Climate Dynamics

, Volume 46, Issue 7–8, pp 2197–2211 | Cite as

Comparison of wintertime mesoscale winds over the ocean around southeastern Greenland in WRF and ERA-Interim



Strong, mesoscale tip jets and barrier winds that occur over the ocean near southern Greenland have the potential for impacting deep convection in the ocean. The self-organizing map (SOM) training algorithm was used to identify and classify the range of 10 m wind patterns present during ten winters (1997–2007, NDJFM) in the ECMWF interim reanalysis (ERA-I) and from a regional simulation using the weather research and forecasting (WRF) model at 50 km into a SOM. The SOM is used to identify differences in the manifestation of westerly tip jets, easterly tip jets, and barrier flow. The North Atlantic Oscillation (NAO) index is well correlated with the type of tip jet present at Cape Farewell, but the NAO was not well correlated with the absence or presence of barrier flow. WRF simulated patterns with strong barrier-parallel flow more frequently than ERA-I, and WRF also had faster coastal winds than ERA-I during all types of strong wind events. The difference in coastal winds is likely related to model resolution and the resulting ability of each model to simulate strong mesoscale winds that are driven by Greenland’s steep terrain.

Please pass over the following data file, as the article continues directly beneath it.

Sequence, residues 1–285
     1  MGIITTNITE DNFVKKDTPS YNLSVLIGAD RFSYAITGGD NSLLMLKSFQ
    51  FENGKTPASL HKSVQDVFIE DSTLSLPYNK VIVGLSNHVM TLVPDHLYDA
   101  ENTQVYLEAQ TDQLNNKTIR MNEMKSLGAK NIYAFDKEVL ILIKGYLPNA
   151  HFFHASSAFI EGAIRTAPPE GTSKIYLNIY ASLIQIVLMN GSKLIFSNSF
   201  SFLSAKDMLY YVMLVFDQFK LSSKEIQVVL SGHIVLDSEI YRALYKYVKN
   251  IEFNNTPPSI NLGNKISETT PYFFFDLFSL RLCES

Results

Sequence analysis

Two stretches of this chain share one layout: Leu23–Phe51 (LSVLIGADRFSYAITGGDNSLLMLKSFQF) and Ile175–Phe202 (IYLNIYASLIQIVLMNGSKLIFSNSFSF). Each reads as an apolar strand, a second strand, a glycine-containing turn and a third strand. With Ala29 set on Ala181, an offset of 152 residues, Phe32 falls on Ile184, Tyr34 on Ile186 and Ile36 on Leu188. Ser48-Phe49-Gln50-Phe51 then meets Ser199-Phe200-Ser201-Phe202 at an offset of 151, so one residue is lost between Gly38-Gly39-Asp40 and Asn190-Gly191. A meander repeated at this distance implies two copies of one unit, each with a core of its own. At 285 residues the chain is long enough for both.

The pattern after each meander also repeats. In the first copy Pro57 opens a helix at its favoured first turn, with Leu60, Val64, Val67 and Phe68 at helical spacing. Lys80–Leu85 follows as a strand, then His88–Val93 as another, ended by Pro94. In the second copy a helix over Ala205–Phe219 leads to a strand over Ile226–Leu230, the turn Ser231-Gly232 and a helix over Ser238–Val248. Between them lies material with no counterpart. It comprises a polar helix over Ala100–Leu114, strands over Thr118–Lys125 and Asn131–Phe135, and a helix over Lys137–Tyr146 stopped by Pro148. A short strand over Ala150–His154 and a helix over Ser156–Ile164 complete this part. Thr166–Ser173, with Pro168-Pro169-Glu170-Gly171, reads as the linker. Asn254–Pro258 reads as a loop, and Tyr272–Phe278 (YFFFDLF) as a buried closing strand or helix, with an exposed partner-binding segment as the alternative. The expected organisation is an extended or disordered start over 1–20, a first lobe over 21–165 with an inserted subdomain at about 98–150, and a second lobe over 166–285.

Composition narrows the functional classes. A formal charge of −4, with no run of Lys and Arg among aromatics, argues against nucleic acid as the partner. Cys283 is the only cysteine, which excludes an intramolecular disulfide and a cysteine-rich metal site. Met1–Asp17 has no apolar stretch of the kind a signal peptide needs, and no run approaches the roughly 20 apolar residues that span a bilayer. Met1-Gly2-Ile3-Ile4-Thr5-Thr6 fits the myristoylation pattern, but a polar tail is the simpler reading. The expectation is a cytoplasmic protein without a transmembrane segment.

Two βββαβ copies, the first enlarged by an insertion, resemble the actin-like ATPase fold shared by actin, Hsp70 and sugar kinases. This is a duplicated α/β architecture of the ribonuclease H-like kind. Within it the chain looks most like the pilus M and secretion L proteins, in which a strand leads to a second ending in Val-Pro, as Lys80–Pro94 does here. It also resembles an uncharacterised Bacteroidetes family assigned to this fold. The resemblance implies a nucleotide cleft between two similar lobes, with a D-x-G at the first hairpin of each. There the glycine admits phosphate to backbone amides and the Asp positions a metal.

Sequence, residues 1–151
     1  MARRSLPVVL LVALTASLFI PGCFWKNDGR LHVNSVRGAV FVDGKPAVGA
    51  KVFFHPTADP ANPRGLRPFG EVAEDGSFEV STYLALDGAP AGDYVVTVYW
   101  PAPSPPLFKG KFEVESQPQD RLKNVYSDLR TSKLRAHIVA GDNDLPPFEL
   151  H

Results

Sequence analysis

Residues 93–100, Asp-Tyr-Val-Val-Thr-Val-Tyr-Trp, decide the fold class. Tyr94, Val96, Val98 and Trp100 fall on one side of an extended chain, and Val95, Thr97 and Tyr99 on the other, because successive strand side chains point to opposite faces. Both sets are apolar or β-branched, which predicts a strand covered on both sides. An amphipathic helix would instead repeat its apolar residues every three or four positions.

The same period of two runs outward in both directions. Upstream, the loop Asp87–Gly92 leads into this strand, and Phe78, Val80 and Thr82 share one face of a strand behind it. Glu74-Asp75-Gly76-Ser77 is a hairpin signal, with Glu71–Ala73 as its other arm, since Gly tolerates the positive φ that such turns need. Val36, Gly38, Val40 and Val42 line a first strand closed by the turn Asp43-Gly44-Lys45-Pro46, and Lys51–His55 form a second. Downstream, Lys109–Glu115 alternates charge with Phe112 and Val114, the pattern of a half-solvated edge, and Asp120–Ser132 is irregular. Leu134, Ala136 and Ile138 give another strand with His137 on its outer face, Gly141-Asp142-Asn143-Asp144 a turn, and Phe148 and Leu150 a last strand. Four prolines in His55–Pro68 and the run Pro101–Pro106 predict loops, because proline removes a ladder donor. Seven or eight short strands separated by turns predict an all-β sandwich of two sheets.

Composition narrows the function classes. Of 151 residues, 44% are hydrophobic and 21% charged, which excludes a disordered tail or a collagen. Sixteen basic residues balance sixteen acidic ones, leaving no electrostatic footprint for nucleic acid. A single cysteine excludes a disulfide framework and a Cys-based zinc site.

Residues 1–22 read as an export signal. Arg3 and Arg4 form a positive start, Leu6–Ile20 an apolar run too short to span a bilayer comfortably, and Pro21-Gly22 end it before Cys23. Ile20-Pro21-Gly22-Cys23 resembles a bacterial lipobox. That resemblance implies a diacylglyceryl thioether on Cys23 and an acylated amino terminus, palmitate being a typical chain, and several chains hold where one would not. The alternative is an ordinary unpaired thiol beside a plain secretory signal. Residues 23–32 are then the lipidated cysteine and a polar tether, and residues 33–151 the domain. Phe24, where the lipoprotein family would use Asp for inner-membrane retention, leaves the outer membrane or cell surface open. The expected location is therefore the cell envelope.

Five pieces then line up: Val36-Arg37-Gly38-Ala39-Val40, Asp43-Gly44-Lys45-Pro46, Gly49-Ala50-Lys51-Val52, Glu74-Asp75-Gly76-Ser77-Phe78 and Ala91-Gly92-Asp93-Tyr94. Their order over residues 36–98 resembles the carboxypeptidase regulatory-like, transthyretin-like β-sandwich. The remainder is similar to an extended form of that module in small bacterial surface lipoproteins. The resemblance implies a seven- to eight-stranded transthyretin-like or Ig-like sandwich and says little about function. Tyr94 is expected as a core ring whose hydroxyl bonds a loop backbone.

Greenland Tip-jet Barrier wind Regional climate model Reanalyses Self-organizing maps 


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Copyright information

© Springer-Verlag Berlin Heidelberg 2015

Authors and Affiliations

  1. 1.Cooperative Institute for Research in Environmental SciencesBoulderUSA
  2. 2.Department of Atmospheric and Oceanic SciencesUniversity of ColoradoBoulderUSA

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